When the weather is warm outside, it’s imperative to make sure that your building’s mechanical cooling systems are working at maximum efficiency. Since budgets are still tight, nobody wants high energy costs or, worse, an equipment failure. The best way to avoid these bad scenarios is to perform a cooling system tuneup.
Oregon State University’s (OSU’s) Energy Center is believed to be the first university-based cogeneration plant in the United States to achieve Leadership in Energy and Environmental Design (LEED) Platinum certification. Cogeneration plants are designed to concurrently produce both electricity and heat from the same fuel.
Honeywell has announced an $18.8 million energy conservation and building modernization program with the Yonkers Housing Authority that will help improve its facilities, energy efficiency, and resident comfort and save an estimated $1.4 million in annual utility costs. It will also create opportunities for local subcontractors.
Chlorinated polyvinyl chloride (CPVC) first made its way into the world of venting systems in the residential market. Recently, CPVC has been used to vent Category IV high-efficiency boilers. While it can cost up to 20 percent less than stainless steel, those specifying venting systems should consider other differences that may impact boiler efficiency and present potential safety hazards.
The newest product innovation in the ventilation industry - the modular/field-adjustable (M/FA) fabric duct/diffuser system - promises air distribution installation time reductions of as much as 40 to 80 percent and 15 to 50 percent less material costs, depending on marketplace geography.
Thermography uses an infrared camera (thermal imager) to capture two-dimensional representations of the surface temperatures of parts of buildings. Often, those images reveal temperatures or temperature differences that indicate conditions contributing to the waste of heated or cooled air and, as a result, needlessly excessive energy costs.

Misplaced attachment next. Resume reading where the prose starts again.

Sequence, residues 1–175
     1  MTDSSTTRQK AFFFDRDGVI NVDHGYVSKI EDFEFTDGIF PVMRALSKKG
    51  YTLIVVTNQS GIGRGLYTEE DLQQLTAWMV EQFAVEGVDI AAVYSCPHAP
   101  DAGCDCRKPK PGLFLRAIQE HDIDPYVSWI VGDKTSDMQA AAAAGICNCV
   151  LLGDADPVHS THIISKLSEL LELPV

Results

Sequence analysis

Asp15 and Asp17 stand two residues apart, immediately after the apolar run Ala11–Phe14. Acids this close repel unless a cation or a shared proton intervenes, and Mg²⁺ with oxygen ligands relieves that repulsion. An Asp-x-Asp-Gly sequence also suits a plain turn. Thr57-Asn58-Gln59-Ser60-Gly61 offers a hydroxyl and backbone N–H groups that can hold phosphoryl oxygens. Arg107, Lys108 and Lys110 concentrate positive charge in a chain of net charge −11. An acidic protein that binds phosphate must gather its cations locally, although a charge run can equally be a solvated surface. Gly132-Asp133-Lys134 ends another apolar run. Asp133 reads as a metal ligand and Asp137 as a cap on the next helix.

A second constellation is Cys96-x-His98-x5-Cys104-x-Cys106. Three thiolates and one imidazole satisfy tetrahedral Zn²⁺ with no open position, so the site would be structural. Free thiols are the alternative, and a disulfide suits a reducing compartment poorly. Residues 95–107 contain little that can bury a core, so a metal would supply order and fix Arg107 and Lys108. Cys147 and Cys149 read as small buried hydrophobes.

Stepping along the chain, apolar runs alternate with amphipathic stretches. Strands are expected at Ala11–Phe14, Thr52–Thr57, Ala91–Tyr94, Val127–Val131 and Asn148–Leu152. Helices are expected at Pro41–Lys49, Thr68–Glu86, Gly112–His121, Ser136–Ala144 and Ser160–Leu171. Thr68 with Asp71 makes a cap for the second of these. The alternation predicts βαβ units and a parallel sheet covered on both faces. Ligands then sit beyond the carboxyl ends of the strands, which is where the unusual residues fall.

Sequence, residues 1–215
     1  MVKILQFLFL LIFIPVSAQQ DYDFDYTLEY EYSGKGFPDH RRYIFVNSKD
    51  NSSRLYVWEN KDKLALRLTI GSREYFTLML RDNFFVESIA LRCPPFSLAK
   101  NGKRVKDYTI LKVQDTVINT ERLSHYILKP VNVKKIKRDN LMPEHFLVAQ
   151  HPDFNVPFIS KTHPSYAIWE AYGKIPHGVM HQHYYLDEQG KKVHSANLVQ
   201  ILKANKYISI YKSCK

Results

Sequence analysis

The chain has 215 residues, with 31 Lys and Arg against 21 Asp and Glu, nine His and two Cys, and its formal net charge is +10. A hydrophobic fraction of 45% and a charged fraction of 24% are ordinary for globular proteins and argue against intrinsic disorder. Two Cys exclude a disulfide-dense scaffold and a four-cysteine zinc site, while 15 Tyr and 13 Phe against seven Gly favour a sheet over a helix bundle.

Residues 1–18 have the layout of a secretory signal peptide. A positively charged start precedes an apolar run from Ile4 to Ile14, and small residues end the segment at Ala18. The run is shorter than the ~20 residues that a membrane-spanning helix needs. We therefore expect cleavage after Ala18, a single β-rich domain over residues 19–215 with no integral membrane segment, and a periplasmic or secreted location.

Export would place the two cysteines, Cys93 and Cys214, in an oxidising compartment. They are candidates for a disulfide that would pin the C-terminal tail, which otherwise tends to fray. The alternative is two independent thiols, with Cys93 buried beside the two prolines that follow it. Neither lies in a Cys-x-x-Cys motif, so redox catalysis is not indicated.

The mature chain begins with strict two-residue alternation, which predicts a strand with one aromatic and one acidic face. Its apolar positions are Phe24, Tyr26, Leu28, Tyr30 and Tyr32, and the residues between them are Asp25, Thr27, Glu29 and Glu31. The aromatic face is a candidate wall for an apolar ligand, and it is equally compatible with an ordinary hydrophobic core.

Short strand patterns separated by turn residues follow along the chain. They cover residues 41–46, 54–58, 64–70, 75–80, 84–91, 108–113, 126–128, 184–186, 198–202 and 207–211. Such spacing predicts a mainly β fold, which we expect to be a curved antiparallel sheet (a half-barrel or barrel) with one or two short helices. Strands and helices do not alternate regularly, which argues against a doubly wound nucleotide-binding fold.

Desiccant dehumidification is a cost-effective and energy efficient option to reduce a supermarkets’ moisture load to lower energy costs, ensure food safety and customer comfort, and provide the proper amount of fresh outdoor air at the precise temperature and humidity necessary for the space.
A basic HVAC system shows the application of the Second Law of Thermodynamics. The compressor adds energy to the refrigerant, and it becomes hot, just the way a hand operated tire pump does. Since the compressed refrigerant is hotter than the air blowing across the condenser, the heat will flow to the cooler air. This is a transfer of heat energy out of the refrigerant.
Thermodynamics, as with most concepts in science and physics, is most accurately described using mathematical equations. However, simple explanations, although not perfectly accurate, are sufficient to convey the information needed to understand everyday experiences. This article is an attempt to simplify these concepts.
Transpired solar air collector technology, developed at the U.S. Department of Energy’s (DOE’s) National Renewable Energy Laboratory (NREL) back in the 1990s, recently found its way back home and is now an integral part of the comfort heating system of the new Research Support Facility (RSF).